very special mini reefs in large columnar tanks, soft coral tanks of quiet
beauty, marine tanks devoted to highly colored organisms, tanks focused on the
symbiotic relationship between anemone fish and anemones, tanks displaying
Hawaiian tangs, and tanks dominated by branching Acropora species, as well as
others.  Most of these are large volume
displays.

I was very happy to see the inclusion
of some very beautiful freshwater tanks too, including cichlid habitats,
“flooded forest” tanks, a highly modernistic but very effective goldfish tank
and heavily planted Amazon biotope tank along with other impressive fresh water
displays.  I think among advanced
aquarists these fascinating planted fresh water aquariums are undervalued.  The illustrations here might remind some of
their charm.  Even the goldfish tank may
be an inspiration.  (Of course I
maintain a marine tank, a planted fresh water tank and a small lanai goldfish
“pond” as well.)

Each one of the displays emphasizes the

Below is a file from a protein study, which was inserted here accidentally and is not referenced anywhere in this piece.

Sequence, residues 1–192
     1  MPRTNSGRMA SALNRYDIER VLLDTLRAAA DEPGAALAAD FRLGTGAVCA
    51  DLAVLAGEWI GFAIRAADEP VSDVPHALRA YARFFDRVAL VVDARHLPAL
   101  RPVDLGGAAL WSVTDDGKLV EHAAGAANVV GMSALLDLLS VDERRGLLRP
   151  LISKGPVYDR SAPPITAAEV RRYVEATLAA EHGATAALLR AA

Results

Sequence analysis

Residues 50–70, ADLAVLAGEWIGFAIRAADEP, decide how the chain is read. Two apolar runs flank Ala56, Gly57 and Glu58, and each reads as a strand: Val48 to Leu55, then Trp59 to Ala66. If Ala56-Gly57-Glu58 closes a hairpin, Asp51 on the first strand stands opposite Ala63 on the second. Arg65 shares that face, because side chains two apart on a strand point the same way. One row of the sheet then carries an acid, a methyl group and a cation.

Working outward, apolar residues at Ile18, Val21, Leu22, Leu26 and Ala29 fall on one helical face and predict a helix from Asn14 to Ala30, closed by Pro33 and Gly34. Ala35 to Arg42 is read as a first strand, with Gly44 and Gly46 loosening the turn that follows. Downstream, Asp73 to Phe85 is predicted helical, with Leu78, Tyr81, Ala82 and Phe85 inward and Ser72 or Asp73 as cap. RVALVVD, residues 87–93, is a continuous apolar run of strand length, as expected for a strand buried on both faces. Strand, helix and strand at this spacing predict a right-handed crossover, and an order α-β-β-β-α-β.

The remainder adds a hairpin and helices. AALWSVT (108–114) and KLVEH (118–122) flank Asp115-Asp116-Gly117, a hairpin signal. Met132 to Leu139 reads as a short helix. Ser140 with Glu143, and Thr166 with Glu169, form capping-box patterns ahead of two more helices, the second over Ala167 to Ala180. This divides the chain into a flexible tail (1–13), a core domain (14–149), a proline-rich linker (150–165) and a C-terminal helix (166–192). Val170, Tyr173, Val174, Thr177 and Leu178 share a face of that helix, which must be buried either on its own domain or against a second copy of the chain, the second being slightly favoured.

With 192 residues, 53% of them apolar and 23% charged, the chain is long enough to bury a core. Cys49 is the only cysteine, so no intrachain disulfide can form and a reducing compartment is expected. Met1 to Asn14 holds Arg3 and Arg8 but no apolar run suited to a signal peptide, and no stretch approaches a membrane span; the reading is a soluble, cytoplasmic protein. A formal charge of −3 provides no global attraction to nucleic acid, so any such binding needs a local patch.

cabinetry, room architecture and the blending of aquaria and spaces as much as
it does the tank inhabitants.  The book
is filled with fascinating ideas about dramatic installations and the
integration of tanks into personal as well as professional office spaces.  For those like myself with rather limited
options (I have a four foot marine tank and a four foot planted fresh water
tank separated by a bookcase on a ten foot dining room wall) the book contains
some interesting hints. For those with larger spaces (and bigger budgets) who
are in the planning stage, the book contains many very attractive
possibilities. 

Those who professionally design,
install and maintain aquariums will definitely find the book a fertile source
of material for future projects.  While
this book might not be a critical item on the general aquarist’s bookshelf, for
these professionals it is certainly a worthwhile and important acquisition.

It can serve another function as
well.  I recently entertained a large
part of my family, including middle aged and young couples.  I left The Most Beautiful Aquariums in
the World
out as a “coffee table” book. 
Everyone “oohed and ahhed” over the pictures and two of my guests spoke
seriously of setting up aquariums.  I
hope the authors will succeed in bringing new people into our fold and
stimulating them to strive for beautiful integrations of aquariums and living
spaces.

Category:
  Advanced Aquarist
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 Doug Robbins